Sometimes, death is not a cause for despair.ReplyDelete
I hope to God that I don't "live" out my final days the way that my mother-in-law is "living" right now in the final stages of Alzheimer's. Hideous. For all.
Sorry, but I HATE Stephen King, and I HATE Jack Nicholson even more.ReplyDelete
I admit that King has a tremendous talent for story telling, but what he has done with it -- with the possible exception of The Shawshank Redemption -- has added greatly to the cultural pollution that has all-but exterminated the spirit that enabled brave men and women to carve this once-great country out of the wilderness.
Death may well be a cause for rejoicing, AOW, as surely it is bound to be in your mother-in-law's case.ReplyDelete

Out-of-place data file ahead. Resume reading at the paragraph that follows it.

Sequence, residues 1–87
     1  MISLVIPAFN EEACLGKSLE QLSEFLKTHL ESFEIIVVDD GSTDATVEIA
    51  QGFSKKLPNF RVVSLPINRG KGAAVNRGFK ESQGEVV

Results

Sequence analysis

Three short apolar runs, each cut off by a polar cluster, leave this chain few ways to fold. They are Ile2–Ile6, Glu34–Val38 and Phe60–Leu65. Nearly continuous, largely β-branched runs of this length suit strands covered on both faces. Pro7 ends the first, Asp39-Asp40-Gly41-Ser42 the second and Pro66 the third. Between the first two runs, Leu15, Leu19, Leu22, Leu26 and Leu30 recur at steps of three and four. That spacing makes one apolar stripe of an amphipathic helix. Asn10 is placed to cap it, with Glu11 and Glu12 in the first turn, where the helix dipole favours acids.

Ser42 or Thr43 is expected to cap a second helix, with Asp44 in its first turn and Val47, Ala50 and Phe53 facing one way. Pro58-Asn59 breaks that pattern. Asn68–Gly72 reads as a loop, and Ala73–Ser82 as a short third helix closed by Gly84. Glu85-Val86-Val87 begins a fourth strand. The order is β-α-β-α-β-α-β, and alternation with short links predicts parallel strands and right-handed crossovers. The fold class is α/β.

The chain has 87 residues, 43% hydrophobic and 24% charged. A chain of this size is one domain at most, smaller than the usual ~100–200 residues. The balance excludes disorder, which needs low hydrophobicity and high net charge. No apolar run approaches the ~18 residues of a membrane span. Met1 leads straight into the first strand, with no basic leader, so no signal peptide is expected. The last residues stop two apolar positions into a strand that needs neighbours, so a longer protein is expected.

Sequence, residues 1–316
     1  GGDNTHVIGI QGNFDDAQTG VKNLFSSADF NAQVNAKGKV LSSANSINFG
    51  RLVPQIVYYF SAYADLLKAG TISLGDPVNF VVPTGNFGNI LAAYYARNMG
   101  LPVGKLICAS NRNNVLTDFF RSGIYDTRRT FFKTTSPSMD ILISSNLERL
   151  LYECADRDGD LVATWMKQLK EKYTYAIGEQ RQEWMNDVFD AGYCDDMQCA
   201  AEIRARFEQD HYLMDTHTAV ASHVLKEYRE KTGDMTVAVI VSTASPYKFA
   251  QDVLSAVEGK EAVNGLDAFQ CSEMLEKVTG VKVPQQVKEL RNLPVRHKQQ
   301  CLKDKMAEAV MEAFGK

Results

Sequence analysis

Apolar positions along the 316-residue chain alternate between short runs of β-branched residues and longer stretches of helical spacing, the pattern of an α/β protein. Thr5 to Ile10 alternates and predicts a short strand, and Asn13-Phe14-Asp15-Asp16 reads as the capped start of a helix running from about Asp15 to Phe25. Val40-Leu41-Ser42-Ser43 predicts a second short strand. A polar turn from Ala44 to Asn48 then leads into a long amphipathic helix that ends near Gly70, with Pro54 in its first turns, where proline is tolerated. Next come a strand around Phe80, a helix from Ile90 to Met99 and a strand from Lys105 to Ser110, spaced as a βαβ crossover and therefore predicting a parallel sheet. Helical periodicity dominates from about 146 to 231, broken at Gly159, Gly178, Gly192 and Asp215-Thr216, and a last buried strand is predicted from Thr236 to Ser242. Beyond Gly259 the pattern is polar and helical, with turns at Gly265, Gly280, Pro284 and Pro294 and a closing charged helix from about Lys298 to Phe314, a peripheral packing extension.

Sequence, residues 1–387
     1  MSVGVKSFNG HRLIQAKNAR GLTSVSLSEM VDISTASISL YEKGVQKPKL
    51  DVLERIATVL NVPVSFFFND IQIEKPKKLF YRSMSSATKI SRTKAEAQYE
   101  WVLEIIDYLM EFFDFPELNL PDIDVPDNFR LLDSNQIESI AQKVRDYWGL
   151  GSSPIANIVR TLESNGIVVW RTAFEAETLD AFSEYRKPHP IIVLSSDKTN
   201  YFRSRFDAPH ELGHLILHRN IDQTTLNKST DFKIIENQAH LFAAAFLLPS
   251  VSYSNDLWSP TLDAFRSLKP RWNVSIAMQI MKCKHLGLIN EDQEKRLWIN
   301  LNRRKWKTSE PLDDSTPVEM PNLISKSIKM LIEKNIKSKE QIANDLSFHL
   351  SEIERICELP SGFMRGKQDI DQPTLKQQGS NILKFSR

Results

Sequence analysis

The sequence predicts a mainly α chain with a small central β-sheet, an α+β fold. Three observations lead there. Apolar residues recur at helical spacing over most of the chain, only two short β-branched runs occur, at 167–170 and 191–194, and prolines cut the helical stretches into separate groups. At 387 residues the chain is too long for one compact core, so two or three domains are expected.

Unfortunately, it is LIFE that too often gives case for despair.
Surgeons must be very careful
When they take the knife.
Underneath their fine incisions
Stirs the Culprit -- Life!
~ Emily Dickinson (1830-1886)
See also Robert Frost's much longer narrative poem entitled "Out Out".
I am not too proud to follow the footprints, FT, especially when I already know where they lead to, and don't have to "guess" the road to Larissa.ReplyDelete
Some of the ailing elderly commit suicide by doctor, that is, consent to risky surgery in the hopes that they won't wake up.
I didn't recognize the title of "Out, Out," but when I pulled up the poem online, I immediately recognized it.
My father, who had his own sawmill for a time, knew this poem, BTW. Work accidents were quite common back in those days, of course.
A bit puzzling the comment on Larissa, FJ.ReplyDelete
If a foolish-but-well-meaning person knew the way, his instructions would be adequate.
So, of course, would those of a wise man.
The difference, I suppose, between the sage and the fool, however, might be in the likelihood that the fool would give directions even if he did not know the way, while the wise man would simply say he didn't know.